By NINA MACLAUGHLIN  |  April 27, 2011

Smith and her colleagues call it "birthing a thesis." It's a "painful delivery process," she says. "Protracted, demoralizing. You get beaten down on every turn."


Chad Walls left his job teaching in a high school in Maine to pursue a PhD in education at a university in England (which he asked us not to name). His research focused on students labeled with behavioral problems, his dissertation answering the question, "What do students who have been labeled with a behavior difficulty see as good teaching?"

Walls did a year's worth of classes, spent a year in the field, a year of writing, and a year of revisions, and at first, he says over the phone from Maine, it went really well. "I liked the way the process was handled. My supervisors were helpful." But then, he says, it descended into a "typical PhD nightmare."

He talks of sending in a chapter of the dissertation, waiting months for a response, and then getting feedback "saying, 'How can I read this chapter without the others?' Then I sent the draft in as a whole, and got a note back saying, 'This is a lot to deal with at once.' "

On top of absentee supervisors, logistics got complicated as well. Because of his supervision, it looked like Walls was only a part-time student, which meant his loans kicked in. And in England, "you have to pay what's called a Council Tax," and because his supervisor forgot to fill out the forms that established that Walls was still a full-time student, he got an alarming letter saying there was a warrant out for his arrest.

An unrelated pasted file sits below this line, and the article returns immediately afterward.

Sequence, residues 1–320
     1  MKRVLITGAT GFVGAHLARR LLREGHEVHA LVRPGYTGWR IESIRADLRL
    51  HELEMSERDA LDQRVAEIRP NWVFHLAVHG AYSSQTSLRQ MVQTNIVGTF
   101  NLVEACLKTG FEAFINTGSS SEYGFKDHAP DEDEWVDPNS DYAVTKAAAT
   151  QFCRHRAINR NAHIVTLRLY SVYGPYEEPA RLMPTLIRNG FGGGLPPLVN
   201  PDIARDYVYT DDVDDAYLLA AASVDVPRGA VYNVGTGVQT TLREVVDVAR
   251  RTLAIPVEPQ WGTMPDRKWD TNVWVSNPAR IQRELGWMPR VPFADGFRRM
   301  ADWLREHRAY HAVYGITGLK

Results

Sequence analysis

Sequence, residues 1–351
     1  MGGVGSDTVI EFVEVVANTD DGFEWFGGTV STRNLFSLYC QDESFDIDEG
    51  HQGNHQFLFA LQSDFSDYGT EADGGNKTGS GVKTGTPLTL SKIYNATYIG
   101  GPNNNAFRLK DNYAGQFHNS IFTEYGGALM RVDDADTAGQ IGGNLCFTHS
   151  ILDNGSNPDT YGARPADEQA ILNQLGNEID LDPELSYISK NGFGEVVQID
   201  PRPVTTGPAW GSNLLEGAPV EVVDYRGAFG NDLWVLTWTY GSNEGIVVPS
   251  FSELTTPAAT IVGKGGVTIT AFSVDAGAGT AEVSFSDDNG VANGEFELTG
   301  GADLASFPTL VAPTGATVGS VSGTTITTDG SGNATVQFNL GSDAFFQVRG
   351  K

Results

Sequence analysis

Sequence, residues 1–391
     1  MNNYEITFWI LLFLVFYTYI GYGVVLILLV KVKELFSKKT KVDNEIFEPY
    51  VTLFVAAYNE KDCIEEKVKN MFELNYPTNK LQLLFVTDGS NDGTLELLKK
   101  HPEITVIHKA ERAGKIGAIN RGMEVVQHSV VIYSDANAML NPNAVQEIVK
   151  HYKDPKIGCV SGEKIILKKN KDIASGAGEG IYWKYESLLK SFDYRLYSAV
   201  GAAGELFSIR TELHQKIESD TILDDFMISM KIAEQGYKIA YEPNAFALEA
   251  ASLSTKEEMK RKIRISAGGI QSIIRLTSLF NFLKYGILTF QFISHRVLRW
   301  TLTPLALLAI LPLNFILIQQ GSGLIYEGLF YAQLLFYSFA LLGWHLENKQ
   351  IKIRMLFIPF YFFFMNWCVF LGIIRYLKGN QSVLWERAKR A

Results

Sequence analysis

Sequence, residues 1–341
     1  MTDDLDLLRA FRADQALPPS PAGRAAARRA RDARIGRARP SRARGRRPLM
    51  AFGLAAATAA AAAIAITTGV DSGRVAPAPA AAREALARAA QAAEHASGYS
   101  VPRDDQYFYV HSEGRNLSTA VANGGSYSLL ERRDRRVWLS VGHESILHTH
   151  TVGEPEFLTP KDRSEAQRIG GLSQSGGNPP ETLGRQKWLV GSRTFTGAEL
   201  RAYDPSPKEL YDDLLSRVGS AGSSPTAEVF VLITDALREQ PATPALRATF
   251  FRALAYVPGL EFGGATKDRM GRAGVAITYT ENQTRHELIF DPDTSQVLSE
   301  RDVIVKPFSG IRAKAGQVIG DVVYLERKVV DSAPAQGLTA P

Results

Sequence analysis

If he were to go back and do the whole thing over, Walls would take closer notes on what was going on with the supervision, "so that if I did decide to make a move, it'd be less about me being emotional and more about evidence."


Kit Maloney, who grew up in the Back Bay, got her master's degree in gender and social policy from the London School of Economics; her thesis looked at rape and domestic violence. For Maloney, the combination of immersing herself in a disturbing subject, as well as a lack of support in the writing stages, kept her awake at night. "I was so traumatized I left my whole field," she says. (She now works as a sales and marketing manager for Fever-Tree, a company that makes natural high-end mixers — tonic water, ginger beer, etc.) The abrupt transition from classroom life to the solitude of writing, particularly writing about sexual violence, was jarring and isolating. "I wasn't sleeping," says Maloney. "I was having terrible nightmares." She says might return to the field, but not right away.


Dorchester native Joyce Linehan, the woman behind Ashmont Media, an arts-and-culture PR firm, as well as the co-author of Pernice to Me, got her masters degree in American studies at UMass Boston with a decidedly rock-and-roll thesis: "The Day My Mama Socked It to the Harper Valley PTA: Country Music Womanhood in the Second Wave of Feminism." For Linehan, the experience wasn't traumatic, it just took a long time — she started her thesis in 1998 and completed it in 2004, all while working full time. "If I wasn't getting anywhere [with the thesis], I could put it down and go to work." She's found that the critical thinking involved has helped in her day job, providing context to media outlets.

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